Once Walker issues his final judgment in the case, then there is a 30-day time limit for any of the losing parties to submit their appeal to the 9th Circuit. Therese Stewart, the chief deputy city attorney who has argued the city's pro-same-sex marriage stance before both state and federal courts, said Prop 8's defenders can't second-guess the governor or attorney general on whether to appeal the ruling.

"Here the proponents of the law were executing a legislative function; they were passing a law. But it doesn't mean they have legal standing to challenge the decisions of the state's top law enforcement officials on how to defend those laws in the court of law," said Stewart. "A party without standing can't create an appeal just because they don't like a decision by the attorney general and governor not to appeal."

In effect, Stewart said the case could conceivably never make it to the U.S. Supreme Court if no party that has standing to appeal does so.

"I think there is a good chance for the Supreme Court not to take it, so if the 9th Circuit said they have no standing, it might end there," she said.

The one wrinkle is that Imperial County has filed a motion to intervene and appeal the case. Located next to the Mexico border, the county's Board of Supervisors voted this week to serve as the appellants in the case.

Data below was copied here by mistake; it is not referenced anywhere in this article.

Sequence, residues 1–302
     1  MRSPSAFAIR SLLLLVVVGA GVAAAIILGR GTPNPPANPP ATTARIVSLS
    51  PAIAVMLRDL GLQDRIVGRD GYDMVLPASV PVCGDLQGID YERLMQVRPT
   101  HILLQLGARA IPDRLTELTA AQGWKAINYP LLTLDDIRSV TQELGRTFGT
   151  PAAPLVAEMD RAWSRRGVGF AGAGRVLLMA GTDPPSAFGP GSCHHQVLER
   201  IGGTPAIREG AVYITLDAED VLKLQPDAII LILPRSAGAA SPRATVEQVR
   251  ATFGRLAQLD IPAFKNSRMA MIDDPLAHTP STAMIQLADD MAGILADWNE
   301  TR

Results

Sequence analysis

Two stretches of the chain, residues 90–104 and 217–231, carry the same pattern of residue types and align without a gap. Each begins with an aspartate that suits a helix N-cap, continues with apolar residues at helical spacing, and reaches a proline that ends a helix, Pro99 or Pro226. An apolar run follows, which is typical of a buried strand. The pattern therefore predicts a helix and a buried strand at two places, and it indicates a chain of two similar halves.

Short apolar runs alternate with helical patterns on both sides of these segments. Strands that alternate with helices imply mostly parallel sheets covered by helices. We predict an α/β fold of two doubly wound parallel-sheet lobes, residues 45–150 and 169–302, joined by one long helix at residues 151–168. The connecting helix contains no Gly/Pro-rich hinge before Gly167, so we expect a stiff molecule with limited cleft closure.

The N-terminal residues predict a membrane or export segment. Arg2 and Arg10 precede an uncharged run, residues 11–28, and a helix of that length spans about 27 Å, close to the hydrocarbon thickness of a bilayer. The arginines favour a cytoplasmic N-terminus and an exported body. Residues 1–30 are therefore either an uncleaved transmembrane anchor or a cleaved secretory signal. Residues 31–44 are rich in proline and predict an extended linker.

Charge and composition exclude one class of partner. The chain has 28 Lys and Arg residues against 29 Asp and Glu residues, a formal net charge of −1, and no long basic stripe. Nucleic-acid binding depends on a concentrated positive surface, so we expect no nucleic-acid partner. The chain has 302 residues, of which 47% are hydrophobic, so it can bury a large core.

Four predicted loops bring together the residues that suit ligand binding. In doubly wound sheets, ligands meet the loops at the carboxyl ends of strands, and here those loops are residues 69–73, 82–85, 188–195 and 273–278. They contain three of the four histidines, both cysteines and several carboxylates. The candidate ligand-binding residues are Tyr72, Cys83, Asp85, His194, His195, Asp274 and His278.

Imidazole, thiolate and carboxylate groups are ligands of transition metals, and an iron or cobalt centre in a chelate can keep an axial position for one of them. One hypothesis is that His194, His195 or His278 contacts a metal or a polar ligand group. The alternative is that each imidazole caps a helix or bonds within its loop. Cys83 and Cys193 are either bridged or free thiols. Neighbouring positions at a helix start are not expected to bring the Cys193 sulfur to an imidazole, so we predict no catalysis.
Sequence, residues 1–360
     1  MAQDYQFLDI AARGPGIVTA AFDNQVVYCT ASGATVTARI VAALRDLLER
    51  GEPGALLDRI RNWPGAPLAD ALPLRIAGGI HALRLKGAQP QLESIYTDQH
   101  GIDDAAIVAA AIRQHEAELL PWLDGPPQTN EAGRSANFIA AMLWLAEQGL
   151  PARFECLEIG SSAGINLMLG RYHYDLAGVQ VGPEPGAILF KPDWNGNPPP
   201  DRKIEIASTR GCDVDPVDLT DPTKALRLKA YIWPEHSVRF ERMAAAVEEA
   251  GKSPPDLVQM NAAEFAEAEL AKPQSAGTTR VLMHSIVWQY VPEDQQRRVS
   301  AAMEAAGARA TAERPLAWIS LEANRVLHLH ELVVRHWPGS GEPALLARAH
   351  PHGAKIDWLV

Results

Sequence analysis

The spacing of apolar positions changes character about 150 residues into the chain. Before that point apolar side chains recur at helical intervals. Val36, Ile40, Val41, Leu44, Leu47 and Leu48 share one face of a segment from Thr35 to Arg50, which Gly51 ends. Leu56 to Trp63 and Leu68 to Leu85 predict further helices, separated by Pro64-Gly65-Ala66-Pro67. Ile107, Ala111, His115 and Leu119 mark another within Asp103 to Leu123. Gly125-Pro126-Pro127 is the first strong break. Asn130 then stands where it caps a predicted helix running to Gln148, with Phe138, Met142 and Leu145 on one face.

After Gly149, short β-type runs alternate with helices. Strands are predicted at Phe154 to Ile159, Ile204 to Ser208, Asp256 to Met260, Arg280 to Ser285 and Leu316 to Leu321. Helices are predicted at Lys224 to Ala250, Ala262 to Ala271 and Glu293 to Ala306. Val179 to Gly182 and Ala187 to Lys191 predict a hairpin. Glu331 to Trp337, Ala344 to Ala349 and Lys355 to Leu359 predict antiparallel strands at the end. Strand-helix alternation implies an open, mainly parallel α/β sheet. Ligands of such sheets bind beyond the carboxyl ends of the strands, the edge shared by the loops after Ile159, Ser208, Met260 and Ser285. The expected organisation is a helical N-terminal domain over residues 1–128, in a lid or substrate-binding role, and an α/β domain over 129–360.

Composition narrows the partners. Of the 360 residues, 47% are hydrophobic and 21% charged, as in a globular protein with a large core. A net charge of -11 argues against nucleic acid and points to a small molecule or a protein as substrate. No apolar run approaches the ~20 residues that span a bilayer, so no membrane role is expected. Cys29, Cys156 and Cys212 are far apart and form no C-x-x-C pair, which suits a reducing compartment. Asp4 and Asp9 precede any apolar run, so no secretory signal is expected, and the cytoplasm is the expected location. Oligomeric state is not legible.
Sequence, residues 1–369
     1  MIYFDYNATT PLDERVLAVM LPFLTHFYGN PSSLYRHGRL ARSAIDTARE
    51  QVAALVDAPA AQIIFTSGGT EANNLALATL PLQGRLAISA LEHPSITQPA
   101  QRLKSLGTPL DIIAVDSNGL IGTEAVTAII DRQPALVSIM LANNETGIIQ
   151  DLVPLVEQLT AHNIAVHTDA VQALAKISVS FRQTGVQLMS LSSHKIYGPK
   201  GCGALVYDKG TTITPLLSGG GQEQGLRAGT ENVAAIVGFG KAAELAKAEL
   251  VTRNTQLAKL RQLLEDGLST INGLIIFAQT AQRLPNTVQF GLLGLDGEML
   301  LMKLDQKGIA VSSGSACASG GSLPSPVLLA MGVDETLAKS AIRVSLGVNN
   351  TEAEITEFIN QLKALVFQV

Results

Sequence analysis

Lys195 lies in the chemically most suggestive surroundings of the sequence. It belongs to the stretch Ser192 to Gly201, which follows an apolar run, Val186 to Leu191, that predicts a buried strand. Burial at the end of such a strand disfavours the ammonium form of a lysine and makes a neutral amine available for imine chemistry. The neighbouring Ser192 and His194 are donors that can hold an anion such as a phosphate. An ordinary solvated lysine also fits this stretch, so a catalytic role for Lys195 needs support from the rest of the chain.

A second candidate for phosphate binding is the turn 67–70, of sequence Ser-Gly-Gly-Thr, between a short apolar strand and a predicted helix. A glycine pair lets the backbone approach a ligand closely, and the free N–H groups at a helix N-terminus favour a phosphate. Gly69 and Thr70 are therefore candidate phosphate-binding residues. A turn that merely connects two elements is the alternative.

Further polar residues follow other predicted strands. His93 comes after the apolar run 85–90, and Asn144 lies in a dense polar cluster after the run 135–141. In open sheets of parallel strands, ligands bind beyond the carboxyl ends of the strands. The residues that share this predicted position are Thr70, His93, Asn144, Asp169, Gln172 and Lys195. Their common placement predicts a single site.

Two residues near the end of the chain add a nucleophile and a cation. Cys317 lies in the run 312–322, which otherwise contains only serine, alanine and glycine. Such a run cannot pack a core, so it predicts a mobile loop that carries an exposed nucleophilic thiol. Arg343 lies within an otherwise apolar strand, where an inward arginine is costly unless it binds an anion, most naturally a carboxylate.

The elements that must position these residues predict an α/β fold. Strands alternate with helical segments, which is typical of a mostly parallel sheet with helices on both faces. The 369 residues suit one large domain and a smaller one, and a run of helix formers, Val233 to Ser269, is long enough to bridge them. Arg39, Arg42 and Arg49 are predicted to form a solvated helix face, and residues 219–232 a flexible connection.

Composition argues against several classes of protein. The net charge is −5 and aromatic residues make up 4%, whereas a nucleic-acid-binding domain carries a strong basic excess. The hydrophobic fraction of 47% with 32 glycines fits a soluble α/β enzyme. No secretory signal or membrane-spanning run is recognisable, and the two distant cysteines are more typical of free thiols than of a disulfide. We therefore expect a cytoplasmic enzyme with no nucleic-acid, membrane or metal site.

The county had sought to intervene in the case at the trial level, but Walker denied its request. Russell said it is unlikely that Imperial County or any other state governmental body would have standing to appeal the case. Nonetheless, the question adds to the complexity surrounding the Prop 8 appeal process.

"I think it is a hard argument for Imperial County to win," said Russell. "There are a lot of moving pieces here that the disagreement over Judge Walker's decision has created."

If the 9th Circuit upholds Walker's ruling, as many legal experts suspect it will, then it is a given that the case will land before the U.S. Supreme Court, which has a conservative majority. It takes four votes among the nine justices to hear a case.

"I do think the four conservative justices on the Supreme Court would really want to take up [the case]," said Russell, adding that for Justice Antonin Scalia "it would be the equivalent of throwing his body on the railroad tracks to prevent this from being upheld."

On the flip side, should the 9th Circuit overturn Walker's decision, it is not a guarantee that the Supreme Court's liberal wing would want to hear the case, said Russell.

"If the 9th Circuit overturns some or all of Judge Walker's reasoning and reinstates Prop 8, it is not so clear that the justices who are more liberal would necessarily vote to take that up given the conservative majority of the Supreme Court," she said.

Marc Spindelman, a professor of law at Ohio State University, agreed that it is more likely for the case to land before the Supreme Court if the appeals court rules on behalf of same-sex couples.

"A decision by the 9th Circuit to declare a right to same-sex marriage is more likely to get reviewed by the Supreme Court than a decision that leaves same-sex couples in California only with domestic partnerships," said Spindelman. "The folks people who think of as liberals on the court are not itching for an opportunity ... they have given no evidence they are spoiling for a fight or spoiling for an occasion to declare a right for same-sex marriage."